Archive for August, 2006

Digital University/Library Presses, Part 8: Monash University ePress

Posted in Digital Presses, Publishing, Scholarly Communication on August 31st, 2006

Established in 2003, the Monash University ePress publishes both digital scholarly books and journals, primarily in the humanities and social sciences. Some works are also available in print format via print-on-demand technology.

The aims of the press are to:

  • advance scholarly communication by reducing the costs of and barriers to scholarly publications
  • provide a more direct link between readers and writers of scholarly material
  • promote the best of Monash University’s research activities and intellectual capital
  • provide a sustainable electronic publishing model that facilitates the identification and pursuit of commercial opportunities
  • use innovative information technology to capture, publish, retrieve, read and present scholarly material
  • lead by example and provide a body of expertise within the university

The press, which charges for its publications, has a two-year embargo period after which materials are freely accessible; however, access may be through a different interface than paid content. The press issues digital documents in either or both HTML and PDF formats, depending on the publication. There is a time-limited pay per article/chapter option. Use of content by individuals is governed by a license agreement as is use by institutions.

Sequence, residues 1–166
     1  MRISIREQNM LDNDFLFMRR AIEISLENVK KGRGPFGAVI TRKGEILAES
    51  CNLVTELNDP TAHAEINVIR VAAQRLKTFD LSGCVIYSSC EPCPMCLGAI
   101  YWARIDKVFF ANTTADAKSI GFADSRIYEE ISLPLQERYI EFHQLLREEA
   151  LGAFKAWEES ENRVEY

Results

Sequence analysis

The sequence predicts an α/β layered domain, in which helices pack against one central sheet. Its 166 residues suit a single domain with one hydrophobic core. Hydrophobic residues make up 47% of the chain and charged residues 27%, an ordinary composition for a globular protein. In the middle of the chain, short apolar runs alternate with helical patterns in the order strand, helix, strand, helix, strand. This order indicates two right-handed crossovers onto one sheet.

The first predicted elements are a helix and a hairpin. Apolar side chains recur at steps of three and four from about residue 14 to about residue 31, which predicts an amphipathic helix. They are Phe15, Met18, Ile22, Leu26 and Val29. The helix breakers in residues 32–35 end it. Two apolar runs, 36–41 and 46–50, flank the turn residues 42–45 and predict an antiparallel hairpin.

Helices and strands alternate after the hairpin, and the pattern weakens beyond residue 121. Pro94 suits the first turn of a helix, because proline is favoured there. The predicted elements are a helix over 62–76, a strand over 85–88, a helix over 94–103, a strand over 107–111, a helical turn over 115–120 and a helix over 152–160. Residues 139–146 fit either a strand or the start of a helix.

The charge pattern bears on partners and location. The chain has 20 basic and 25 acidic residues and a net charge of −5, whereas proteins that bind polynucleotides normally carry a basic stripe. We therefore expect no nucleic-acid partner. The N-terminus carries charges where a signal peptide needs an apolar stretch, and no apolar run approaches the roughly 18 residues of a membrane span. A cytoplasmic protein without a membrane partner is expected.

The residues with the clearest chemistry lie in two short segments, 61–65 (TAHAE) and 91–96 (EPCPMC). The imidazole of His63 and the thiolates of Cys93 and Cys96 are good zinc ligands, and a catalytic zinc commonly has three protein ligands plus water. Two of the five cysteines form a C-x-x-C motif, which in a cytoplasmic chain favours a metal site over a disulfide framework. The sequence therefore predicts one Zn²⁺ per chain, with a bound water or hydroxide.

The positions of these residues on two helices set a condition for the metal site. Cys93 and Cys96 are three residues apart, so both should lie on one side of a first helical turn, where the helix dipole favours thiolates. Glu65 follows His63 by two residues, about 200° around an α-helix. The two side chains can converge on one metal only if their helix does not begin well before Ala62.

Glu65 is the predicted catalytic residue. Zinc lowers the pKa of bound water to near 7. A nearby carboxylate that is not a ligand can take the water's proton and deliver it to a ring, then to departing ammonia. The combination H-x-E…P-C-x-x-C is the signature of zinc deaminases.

Monash University ePress manager Michele Sabto outlines the economic model of the press as follows:

The ePress has also now moved towards a fee-for-service model that guarantees a minimum income from each title, underwritten by the author/journal editor. Basically it is a publication fee offset by sales income.

She further describes the involvement of the press in journal editorial functions as follows:

The ePress does not undertake the traditional publishing functions of copyediting or managing the submission and refereeing process: there are no inhouse journal editors or copyeditors. The academics editing the journals are responsible for managing these functions themselves, with support from the ePress that includes high-level editorial advice, an online submission and refereeing system, and assistance with scheduling and manuscript preparation to ePress specifications. The ePress produces proofs and takes in proof corrections, publishes online and in print and markets and sells the journals. The ePress doesn’t deal directly with authors of individual articles—the sole ePress contact for journals is the journal’s editor.